June 23, 2021

Scottish election 2021: Nicola Sturgeon celebrates ‘historic’ SNP election win

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Nicola Sturgeon: ‘Indyref is the will of the people’

From BBC

Nicola Sturgeon has hailed the SNP’s “historic and extraordinary” fourth consecutive victory in the Scottish Parliament election.

With all the results in, the SNP has finished on 64 seats – one short of a majority but one more than it won in 2016.

Ms Sturgeon said her priority was to steer the country through the pandemic.

But she said she still intended to hold an independence referendum once the crisis has passed.

And she said there was no democratic justification for UK Prime Minister Boris Johnson, or anyone else, to attempt to block it

With all seats now declared the SNP has won 64, the Conservatives 31, Labour 22, the Scottish Greens eight and Liberal Democrats four.


Ms Sturgeon said her party had won the most constituency seats and secured the highest share of the constituency vote in the history of devolution.

And she pledged that “the task of building a better Scotland for everyone who lives here will be my priority every single day.”

Ms Sturgeon said her focus in government would be on leading the country through the pandemic and keeping people safe from Covid.

She added: “It is then to kick-start and drive our recovery with an ambitious and transformative programme for government.

“And, yes, when the crisis has passed, it is to give people in Scotland the right to choose their future.

“All of that is what I promised and all of that is what I intend to deliver.”

She said the result of the election meant there was “no democratic justification whatsoever for Boris Johnson or anyone else seeking to block the right of the people of Scotland to choose our future.”

And she insisted that holding a referendum was now “the will of the country”.

image captionBoris Johnson says it would be “reckless” to hold a referendum right now

Mr Johnson, the UK prime minister, told the Daily Telegraph newspaper earlier on Saturday that it would be “reckless and irresponsible” to hold a referendum right now.

He added: “I listened to the Scottish election carefully. My impression was that they [the SNP] moved away from the idea of a referendum, and I think very wisely.

“I don’t think this is anything like the time to have more constitutional wrangling, to be talking about ripping our country apart, when actually people want to heal our economy and bounce forward together. That’s what people want.”


The Scottish voting system was specifically designed to prevent any one party having a majority in the 129-seat parliament – although the SNP did manage to do so in the 2011 election.

The SNP, which formed a minority government after the last election in 2016, had hoped that winning another majority in this election would further strengthen its calls for a second referendum on Scottish independence to be held.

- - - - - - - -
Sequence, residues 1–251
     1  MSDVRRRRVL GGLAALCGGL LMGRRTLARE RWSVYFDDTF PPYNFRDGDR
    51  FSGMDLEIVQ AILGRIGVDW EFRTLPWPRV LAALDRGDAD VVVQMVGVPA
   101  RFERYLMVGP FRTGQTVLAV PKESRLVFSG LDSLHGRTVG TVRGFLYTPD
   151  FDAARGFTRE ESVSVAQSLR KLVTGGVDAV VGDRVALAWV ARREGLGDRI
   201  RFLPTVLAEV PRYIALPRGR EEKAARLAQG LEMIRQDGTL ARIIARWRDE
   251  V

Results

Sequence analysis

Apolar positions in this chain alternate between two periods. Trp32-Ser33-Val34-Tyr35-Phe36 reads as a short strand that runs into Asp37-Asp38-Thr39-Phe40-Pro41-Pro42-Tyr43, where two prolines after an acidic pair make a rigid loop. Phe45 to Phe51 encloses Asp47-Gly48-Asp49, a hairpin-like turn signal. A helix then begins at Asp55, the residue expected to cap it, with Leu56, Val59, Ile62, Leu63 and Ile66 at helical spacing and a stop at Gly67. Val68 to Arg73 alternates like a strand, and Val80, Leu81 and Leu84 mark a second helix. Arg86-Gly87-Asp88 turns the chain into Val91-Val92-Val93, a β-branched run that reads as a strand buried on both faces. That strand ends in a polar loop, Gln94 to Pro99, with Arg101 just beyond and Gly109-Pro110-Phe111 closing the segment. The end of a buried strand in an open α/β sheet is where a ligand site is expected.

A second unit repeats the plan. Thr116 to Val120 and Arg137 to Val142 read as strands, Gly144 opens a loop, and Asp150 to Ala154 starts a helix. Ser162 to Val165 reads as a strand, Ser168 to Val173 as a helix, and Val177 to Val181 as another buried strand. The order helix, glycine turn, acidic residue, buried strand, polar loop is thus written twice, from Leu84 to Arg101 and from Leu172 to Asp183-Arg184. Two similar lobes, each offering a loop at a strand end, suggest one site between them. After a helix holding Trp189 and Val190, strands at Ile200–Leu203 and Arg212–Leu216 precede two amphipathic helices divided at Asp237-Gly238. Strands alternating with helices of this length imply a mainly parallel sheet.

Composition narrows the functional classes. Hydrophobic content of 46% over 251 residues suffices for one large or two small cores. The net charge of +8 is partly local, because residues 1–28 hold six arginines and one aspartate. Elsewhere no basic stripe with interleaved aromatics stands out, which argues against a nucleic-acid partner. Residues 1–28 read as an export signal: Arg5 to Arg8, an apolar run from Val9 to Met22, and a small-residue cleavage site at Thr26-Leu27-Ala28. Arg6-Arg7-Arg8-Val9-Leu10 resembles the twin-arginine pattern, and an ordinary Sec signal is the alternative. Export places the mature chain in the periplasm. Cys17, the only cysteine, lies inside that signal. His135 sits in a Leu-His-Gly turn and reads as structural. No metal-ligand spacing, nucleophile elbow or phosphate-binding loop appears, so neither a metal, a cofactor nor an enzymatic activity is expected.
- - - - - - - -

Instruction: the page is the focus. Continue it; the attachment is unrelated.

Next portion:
It would also have allowed the party to pass laws and the Scottish government’s annual budget at Holyrood without having to rely on the support of any other party.

But there will be another, slightly increased, pro-independence majority in the parliament thanks to the seats allocated to the Scottish Greens through the regional list system and the additional seat won by the SNP.

However, the Alba Party – which was formed by former SNP leader and first minister Alex Salmond – will not win any seats.

Polling expert Prof Sir John Curtice said the results have seen 51% voters backing pro-UK parties in the constituency ballot – and 51% backing pro-independence parties in the regional list ballot.

Presentational grey line
Analysis box by Nick Eardley, political correspondent

The SNP’s victory in these elections means the party is heading for at least 19 years in power. That’s remarkable.

Some will be slightly disappointed at not achieving a majority. But the fact there is a comfortable pro-independence majority means the issue is going to continue to be a significant one in Scottish and UK politics for years.

In Downing Street, the plan was always to say no to indyref2. That hasn’t changed today, meaning a big political and potentially legal battle is coming.

But maybe not immediately. Nicola Sturgeon has said her immediate focus will be the pandemic. That’s one way in which the Scottish and UK governments agree.

Presentational grey line

The SNP won two seats from Labour and one from the Conservatives in the constituency results that were declared on Friday.

But those wins caused the party to lose seats on the regional list, effectively cancelling out some of the gains it has made.

No other constituency seats have hanged hands after Thursday’s vote, which saw a record turnout for a Scottish Parliament election despite the Covid pandemic.

But the SNP’s Kaukab Stewart and Pam Gosal of the Scottish Conservatives making history by becoming the first women of colour to win seats in the Scottish Parliament.

The SNP has pledged to push forward with legislation for a second Scottish independence referendum and have said they could go to the courts if the UK government attempts to block it.

Ms Sturgeon has also said she will not hold an illegal wildcat vote on the issue, arguing that it would not actually lead to Scotland becoming independent because the result would not be recognised by the UK government or the international community.

And she has repeatedly stressed that she would only want a referendum to be held once the pandemic is over.

Opinion polls suggest that voters are essentially split 50-50 on the question of whether Scotland should be an independent country.


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For more on this story and video go to: BBC

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